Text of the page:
Hacham Chalom Messas

22 Shevat 5669 - 10 Nisan 5763      

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Hacham Chalom Messas

A Short Tribute

Hacham Chalom Messas, who would become Chief Rabbi of Jerusalem, was born on 22 Shevat 5669 (1909) in the city of Meknes, Morocco, to Rachel Soudri and Rabbi Maimon Messas – author of Otzrot Shama'im. He was named after his grandfather, who had also officiated as rabbi and dayan in Meknes and wrote Divrei Shalom, a book of Responsa.

Hacham Chalom Messas began studying Torah at a young age, with Rabbi Yitzhak Assebag, his principal teacher. He wrote his first book on Halakha, Memizrach Shemesh, in 1928, when he was 17 years of age. In the introduction, he testifies that "…during my boyhood days, I did not know what a coin even looked like, and all the wealth in the world seemed worthless when compared to the passion of studying the holy Torah." He married Jamila, daughter of Rabbi Moshe Elkrief, and the couple had two sons, David and Abraham.

In 1944, he founded and began to head the Keter Torah yeshiva in Meknes. In 1949, he moved to Casablanca, where he served as dayan. He was elected head of Casablanca's Rabbinic Court in 1962 and subsequently officiated as Morocco's Chief Rabbi.

The exceptional affection King Hassan II had for him was a well-known fact, and when Hacham Chalom Messas would bless the monarch in events at the Royal Palace, the king would bow down.

In 1978 Hacham Chalom Messas immigrated to Israel and took on the position of Jerusalem's Chief Rabbi. He passed away on 10 Nissan 5763 (2003) and was buried in Jerusalem's Har HaMenuhot cemetery.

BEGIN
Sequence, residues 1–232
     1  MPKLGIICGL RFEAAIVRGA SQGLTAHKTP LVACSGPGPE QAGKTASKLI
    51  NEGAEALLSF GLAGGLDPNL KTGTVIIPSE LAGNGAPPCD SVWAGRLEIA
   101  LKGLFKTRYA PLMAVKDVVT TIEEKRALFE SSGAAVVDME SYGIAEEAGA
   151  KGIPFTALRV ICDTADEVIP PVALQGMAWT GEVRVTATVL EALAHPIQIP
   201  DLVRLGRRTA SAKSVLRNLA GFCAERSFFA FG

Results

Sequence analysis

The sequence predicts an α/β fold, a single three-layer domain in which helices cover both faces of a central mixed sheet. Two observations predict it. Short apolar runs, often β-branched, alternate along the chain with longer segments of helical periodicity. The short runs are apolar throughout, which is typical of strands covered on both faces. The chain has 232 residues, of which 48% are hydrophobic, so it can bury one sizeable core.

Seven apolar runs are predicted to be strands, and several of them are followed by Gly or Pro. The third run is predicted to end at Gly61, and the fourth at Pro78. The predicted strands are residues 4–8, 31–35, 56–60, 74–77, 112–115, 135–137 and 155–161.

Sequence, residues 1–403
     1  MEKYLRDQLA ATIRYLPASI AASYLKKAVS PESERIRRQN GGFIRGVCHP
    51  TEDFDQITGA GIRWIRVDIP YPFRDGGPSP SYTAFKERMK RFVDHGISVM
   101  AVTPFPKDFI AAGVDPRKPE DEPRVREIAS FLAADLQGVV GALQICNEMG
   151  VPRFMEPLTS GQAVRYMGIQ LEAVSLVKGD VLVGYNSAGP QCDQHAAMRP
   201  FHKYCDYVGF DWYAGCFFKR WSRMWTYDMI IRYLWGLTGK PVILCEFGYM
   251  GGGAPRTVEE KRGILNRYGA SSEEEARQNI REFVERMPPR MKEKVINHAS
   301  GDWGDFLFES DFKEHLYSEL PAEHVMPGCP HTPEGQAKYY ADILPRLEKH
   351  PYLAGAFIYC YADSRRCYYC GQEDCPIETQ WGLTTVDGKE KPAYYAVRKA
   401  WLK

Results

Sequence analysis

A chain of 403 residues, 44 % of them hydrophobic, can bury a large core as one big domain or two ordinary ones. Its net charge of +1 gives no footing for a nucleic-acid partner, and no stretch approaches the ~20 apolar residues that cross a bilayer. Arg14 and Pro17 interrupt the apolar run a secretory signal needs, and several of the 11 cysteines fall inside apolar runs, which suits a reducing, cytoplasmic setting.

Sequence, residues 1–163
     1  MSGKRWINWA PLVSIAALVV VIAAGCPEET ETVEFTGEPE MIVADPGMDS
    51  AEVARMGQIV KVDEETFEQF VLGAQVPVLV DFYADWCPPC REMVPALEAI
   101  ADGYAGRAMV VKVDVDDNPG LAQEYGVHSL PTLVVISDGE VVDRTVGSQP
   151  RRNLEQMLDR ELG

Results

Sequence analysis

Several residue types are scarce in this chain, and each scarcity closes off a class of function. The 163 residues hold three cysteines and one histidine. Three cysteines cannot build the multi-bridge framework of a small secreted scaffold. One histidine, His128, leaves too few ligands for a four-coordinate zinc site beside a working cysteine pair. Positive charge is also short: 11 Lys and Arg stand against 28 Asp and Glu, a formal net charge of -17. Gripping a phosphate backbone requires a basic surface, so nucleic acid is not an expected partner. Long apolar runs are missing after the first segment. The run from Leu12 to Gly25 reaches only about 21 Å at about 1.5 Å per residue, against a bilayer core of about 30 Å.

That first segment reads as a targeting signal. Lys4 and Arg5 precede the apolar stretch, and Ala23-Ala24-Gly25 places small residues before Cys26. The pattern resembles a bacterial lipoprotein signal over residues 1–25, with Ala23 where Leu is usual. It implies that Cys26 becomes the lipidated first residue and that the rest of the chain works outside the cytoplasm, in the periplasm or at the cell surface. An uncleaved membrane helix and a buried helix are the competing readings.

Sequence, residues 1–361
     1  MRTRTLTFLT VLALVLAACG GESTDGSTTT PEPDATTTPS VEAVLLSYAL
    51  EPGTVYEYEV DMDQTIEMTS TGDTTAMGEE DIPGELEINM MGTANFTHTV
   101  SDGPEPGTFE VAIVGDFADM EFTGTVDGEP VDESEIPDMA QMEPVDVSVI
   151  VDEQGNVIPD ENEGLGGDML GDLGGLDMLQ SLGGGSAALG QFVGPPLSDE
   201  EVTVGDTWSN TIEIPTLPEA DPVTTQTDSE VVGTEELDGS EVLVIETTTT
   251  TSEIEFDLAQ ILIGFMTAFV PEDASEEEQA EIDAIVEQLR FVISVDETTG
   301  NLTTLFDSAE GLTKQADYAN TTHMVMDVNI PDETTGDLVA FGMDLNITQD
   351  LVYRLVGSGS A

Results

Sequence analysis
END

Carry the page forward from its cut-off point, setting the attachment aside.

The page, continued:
Hacham Chalom Messas wrote many books during his lifetime, including Memizrach Shemesh – Halakha on prohibitions and permissions, Tevu'ot Shemesh – rulings on the four parts of the Shulchan 'Aruch, Shemesh U'Magen – questions and responsa on daily affairs, Beit Shemesh - on Maimonides' Yad HaHazaka, and Cham HaShemesh – sermons on the Torah.

A few quotes from the Rabbi on 'Traditions of the Fathers'
A few quotes from the Rabbi on 'Torah Study' in which he teaches that a person lacking humility, even if he is a Torah scholar, is not beloved by the Almighty

Our Sages, of blessed memory, instruct us to begin with the Book of Leviticus [Vayikra], specifically, in teaching schoolchildren, so that the issue of humility should be learned first, for it is required for Torah study. A person lacking humility, even if they are a great Torah scholar, is not beloved by the Almighty. That is why there is a small aleph in the word Vayikra: so that pupils may ask why, and teachers can explain, as above, concerning our Master Moses' humility, and that the notion reach the child's mind. This is a fundamental principle in Torah.

VeCham HaShemesh, Part B, Vayikra Torah reading portion, p.358, published by the author, Jerusalem, 2003